The album cover and titles on Guava Jazz show us the lighthearted and humorous which for obvious reasons were left off on Back In Texas. Doing the best to avoid the pompous sheer look-at-what-I-can-do nature of an album lacking lyrics with one’s name attached to every noise passing through our ears. If only words did justice for the relief felt putting on an instrumental album that does not make me wish the concept of music never existed. Dramatic? I argue not. If only you could glimpse a single day’s worth of nonsense hitting our submissions email you too would be near Justin Bieber circa 2012—if there be any fear of growing old it is that in doing so my response time will slow between the chasm splitting through the noodle and the moment the reflexes kick in calling in out of left field the zen relief which follows smashing that stop button on-screen to pieces the old fashioned way; be it rock or forehead. And even when the music is great, still why come off like a dick? I think of that coffee-time favorite, The Guitars of Sonny James which is all but perfect until you flip it over and read the back cover—all trite and third-person ego nonsense from some corporate jerkoff’s bottomless pit of garbage promotion ideas giving people one more reason not to buy records in those lost death-rattling moments of mid-seventies when the British invasion lost its glitter and Elvis was belly up in some cocaine buffet in Vegas while every major label went insane trying to bring those big bucks back home in the Americanist of ways—don’t know what I’m talking about? Next time you find yourself in a record shop and you mistake out of the peripherals some dude in flannel for being John Denver, flip the album over and soak in all the “spends the quiet of his evenings riding through the mountains with his dog Rex writing songs about his hard cow herding days on the plains” accompanied by a picture of the artiste—truck leaning and all—with a couple of dead Schlitz scattered across his dashboard; living the life and all that—hell at least Mac Davis never tried to be humble.  The point being—and I might just get around to it today—instrumental albums demand an instant target for criticism on the creators back—how dare you expect us to indulge in what you have made! Can’t you just spoon feed us how we are supposed to feel like everyone else ever to make the cover of Rolling Stone Magazine this side of forever?!? For the few people who care about this album— and I hope all twelve of them buy two copies of this thing since there seems to be about two hundred of us left and only a handful can read; even with all we have learned about Cashen through his music over the years, coming out immediately doing his best to avoid the trite shallow insight of selling this thing on narcissism is a positive lead-in. The songs wrap us cohesively in all the hopes of a sunny afternoon ankles deep in a kiddie pool. Setting our expectations low and going from there is a touch of craft easing us into thirty-five minutes soaked in the feel-good life.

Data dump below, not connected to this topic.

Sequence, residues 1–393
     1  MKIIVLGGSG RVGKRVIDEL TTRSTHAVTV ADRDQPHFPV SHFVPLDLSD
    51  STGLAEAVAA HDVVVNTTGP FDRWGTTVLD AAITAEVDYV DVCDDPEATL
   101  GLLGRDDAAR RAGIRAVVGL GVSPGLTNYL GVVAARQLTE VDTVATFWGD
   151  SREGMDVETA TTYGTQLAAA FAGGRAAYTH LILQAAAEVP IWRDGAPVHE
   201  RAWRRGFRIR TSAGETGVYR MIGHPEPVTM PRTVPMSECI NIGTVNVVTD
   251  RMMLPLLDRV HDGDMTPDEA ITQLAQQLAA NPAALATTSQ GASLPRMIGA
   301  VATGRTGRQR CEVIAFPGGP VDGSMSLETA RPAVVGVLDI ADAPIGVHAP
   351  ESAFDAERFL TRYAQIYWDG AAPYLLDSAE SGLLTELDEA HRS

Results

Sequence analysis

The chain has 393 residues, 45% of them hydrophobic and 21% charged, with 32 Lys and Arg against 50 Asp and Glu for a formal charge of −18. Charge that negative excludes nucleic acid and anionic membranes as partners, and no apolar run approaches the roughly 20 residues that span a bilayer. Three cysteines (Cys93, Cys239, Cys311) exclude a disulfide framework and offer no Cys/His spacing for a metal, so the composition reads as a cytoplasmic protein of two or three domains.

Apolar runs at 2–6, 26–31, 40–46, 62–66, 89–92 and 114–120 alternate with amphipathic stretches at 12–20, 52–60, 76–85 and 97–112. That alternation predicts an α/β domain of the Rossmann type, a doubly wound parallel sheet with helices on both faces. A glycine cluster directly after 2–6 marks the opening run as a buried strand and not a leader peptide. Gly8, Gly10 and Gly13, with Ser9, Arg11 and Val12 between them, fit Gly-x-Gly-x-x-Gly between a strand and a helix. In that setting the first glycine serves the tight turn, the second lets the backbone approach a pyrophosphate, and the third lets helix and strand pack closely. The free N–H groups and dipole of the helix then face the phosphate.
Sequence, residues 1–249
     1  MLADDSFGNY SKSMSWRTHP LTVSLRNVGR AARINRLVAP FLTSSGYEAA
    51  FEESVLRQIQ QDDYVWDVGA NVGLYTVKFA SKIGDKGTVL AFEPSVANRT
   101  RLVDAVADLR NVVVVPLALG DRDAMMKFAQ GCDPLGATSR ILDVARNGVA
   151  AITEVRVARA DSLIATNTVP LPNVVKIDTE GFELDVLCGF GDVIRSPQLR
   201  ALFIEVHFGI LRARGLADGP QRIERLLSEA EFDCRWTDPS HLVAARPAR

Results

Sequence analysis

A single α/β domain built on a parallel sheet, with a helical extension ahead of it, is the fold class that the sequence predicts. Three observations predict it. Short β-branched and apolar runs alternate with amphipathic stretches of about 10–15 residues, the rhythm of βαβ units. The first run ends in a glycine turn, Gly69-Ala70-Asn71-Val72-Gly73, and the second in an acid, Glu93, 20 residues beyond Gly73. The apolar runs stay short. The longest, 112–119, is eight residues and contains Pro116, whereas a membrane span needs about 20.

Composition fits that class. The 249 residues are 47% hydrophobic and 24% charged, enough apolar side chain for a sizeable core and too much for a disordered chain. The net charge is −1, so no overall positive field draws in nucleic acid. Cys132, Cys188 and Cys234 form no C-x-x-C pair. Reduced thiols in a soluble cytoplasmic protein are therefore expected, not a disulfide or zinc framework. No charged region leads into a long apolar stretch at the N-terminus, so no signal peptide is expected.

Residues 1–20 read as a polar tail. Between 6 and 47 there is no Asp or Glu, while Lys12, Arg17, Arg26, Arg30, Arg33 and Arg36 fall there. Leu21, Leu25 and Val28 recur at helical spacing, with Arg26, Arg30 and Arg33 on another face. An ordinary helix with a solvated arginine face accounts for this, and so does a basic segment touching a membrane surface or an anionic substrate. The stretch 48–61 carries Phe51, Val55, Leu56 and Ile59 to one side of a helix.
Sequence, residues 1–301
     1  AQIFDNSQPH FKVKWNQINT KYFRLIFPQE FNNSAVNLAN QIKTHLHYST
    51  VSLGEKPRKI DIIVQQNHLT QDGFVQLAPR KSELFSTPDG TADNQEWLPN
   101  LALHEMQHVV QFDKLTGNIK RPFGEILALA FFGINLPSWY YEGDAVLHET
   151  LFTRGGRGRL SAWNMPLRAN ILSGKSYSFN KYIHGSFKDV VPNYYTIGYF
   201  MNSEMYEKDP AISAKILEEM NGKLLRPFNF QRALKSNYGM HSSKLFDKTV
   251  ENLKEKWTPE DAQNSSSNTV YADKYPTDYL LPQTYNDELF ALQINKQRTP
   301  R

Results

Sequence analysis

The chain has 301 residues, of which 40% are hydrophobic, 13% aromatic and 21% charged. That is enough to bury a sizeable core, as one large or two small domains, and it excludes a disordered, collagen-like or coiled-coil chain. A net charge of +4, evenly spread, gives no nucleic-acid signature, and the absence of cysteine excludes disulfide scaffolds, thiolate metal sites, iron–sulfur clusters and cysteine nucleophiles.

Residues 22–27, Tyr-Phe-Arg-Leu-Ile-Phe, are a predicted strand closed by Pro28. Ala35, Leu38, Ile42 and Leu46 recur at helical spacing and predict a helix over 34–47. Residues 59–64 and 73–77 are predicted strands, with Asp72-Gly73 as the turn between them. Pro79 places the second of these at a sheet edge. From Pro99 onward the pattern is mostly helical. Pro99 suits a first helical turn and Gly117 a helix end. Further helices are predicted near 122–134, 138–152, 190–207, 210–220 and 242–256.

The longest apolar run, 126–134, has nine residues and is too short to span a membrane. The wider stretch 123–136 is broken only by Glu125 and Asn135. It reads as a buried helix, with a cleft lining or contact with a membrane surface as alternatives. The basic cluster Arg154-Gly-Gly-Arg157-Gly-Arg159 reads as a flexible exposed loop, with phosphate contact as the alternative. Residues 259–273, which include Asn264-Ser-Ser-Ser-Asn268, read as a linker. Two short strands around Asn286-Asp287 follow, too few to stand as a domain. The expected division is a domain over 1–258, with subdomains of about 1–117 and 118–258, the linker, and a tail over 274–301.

Guava Jazz might have Bird and Mingus fans a little put off if they come in hot expecting the heavens to open with Coltrane’s hand reaching out for the aux plug but if you have spent two seconds of time already familiar with Cashen then the flawless weaving through the ethereal forgotten soundtrack of an enjoyable break in the matrix of waking life then this is jazz in the truest sense. Suburban jazz certainly but at least it is better than listening through another asshole riff through scales as though we might forget Art Tatum ever came before. But if we are on the topic—and we really were not—I feel this is the sort of album Chet Baker might have made had his life been a little less Dee Dee Ramonesish.

Anyway, this album is about as jazzy as Morrisey’s personality is tolerable but on the scale of listenable it leans decidedly more towards “highly” than it does “Jethro Tull.” I recommend putting it on repeat while going toes up in some sunshine for a few hours, it was meant for being stuck at home looking for help tapping into the optimistic side of life.